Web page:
So this isn’t a new topic. Much has been written about the dreaded short and long essays required as part of the admission application. I don’t propose a new approach here, only some reflective thoughts that I hope are insightful. As I have been working with my students this year, I have been reminded of the two fundamental truths about the college essays. I have also been reminded about the important role this part of the application plays in a student’s application. This is what can help to separate a student’s application from the rest of the pack.
First, these are not 5 paragraph persuasive essays. This is the cornerstone of writing curriculum in the U.S., thus it is the style students have been well-trained in. Unfortunately, it is ill preparation to write a response to the essay prompts. Thinking about this point brings into focus why this is such a difficult tasks for students. It almost as if someone flips a light switch, asking students to turn off everything they know and write in a way that they have little to no experience in.
Second, these essays are creative and reflective pieces. There is no doubt about it, this kind of writing is hard for high school students–except those who have a natural writing talent or have spent a lot of time writing in a journal. The challenge I generally see students facing is that they are asked to dig into the depths of themselves, bring their self out into the light, and let complete strangers see it. That is scary for anyone.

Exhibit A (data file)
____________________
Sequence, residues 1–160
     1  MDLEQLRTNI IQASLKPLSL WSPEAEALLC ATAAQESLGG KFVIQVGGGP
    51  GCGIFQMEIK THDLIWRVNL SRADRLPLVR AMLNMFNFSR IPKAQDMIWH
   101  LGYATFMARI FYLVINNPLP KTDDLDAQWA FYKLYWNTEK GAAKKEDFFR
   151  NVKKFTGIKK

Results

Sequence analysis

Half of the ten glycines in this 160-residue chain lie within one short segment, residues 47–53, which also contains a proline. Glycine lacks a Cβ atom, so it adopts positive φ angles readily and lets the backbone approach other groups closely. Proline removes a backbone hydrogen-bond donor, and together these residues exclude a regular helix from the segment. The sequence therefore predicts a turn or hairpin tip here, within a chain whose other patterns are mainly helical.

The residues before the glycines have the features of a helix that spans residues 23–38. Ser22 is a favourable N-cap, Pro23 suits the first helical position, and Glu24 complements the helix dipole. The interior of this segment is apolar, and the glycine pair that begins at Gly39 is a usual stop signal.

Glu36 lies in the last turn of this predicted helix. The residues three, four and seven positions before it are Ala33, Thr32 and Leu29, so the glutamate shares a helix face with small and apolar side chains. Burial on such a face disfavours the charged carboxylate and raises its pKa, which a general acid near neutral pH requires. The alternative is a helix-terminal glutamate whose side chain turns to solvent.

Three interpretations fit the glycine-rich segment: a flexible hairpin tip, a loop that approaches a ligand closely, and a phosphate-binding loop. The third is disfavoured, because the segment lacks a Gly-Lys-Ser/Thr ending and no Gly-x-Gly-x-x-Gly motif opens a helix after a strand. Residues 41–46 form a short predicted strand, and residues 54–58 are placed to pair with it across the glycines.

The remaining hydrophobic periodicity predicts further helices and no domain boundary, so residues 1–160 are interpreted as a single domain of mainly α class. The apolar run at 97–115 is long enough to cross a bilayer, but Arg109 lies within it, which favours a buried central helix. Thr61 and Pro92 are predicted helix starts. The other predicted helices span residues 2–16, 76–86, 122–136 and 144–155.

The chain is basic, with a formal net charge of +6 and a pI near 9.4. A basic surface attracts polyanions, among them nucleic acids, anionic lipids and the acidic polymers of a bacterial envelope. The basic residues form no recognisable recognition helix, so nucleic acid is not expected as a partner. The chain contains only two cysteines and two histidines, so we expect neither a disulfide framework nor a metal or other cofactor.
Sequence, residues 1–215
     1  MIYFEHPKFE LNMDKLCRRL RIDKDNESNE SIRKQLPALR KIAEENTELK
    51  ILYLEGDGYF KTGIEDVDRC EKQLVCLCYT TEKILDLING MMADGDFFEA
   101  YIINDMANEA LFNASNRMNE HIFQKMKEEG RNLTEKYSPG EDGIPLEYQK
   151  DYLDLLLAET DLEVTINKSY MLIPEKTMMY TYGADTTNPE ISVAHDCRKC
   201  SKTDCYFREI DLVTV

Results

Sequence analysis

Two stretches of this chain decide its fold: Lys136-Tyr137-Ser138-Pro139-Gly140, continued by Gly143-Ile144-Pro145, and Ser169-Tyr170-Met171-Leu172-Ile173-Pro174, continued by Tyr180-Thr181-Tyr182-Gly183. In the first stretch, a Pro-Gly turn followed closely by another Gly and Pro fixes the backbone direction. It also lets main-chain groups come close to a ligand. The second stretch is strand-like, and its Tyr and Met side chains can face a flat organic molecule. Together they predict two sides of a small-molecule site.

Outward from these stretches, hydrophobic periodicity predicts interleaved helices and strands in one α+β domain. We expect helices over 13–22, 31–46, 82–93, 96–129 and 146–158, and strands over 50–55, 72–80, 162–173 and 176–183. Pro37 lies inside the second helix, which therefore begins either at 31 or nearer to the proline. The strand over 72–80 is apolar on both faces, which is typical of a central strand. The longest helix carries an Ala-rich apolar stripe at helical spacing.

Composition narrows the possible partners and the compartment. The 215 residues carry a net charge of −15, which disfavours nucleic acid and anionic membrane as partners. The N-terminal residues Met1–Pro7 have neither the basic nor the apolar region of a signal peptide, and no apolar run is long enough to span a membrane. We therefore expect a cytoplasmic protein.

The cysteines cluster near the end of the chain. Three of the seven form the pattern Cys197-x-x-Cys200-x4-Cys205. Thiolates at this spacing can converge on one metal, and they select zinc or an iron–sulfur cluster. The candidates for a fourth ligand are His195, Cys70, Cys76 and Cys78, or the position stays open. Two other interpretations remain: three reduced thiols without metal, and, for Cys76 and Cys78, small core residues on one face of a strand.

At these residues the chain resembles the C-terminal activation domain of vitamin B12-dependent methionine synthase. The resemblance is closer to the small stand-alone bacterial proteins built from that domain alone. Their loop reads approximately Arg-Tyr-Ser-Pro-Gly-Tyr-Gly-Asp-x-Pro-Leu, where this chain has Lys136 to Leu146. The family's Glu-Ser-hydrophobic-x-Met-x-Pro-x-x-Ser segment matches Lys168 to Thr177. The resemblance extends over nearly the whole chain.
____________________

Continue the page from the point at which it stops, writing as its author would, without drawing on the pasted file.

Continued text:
Logically the next question to consider is: how should students deal with those two realities? As I stated at the beginning this isn’t a new topic, so there is a ton out there about strategies, worksheets, and so on. That said, the way for students to navigate the essay writing process successfully is: pre-writing, draft writing, editing. Again, this isn’t ground breaking stuff; however it is extremely important to emphasize. Pre-writing can come in different forms, but the end goal is to get thoughts on the page. The critically most important part of this step is that everything written must help to answer the prompt. Failure to answer the prompt is by far the most frequent mistake and the biggest cardinal sin. Pre-writing should also be an opportunity for the student to explore him/her self–figure out what pieces of his/her identity are important for the college/university to know. Stated another way, what won’t admission officers learn about the applicant from the transcript, letters of recommendation, test scores, and extracurricular resume.
Once the ideas are down on paper, it is time to organize them into a cohesive story. This is the draft writing phase. Again, there are lots of ways to go about this process–my favorite is to use bullet points, because I like to move things around. The driving thought here is: how can the student answer the essay prompt by telling a story about him/her self? This takes time and care. I often encourage students to look back upon their favorite authors for examples of how to tell a good story.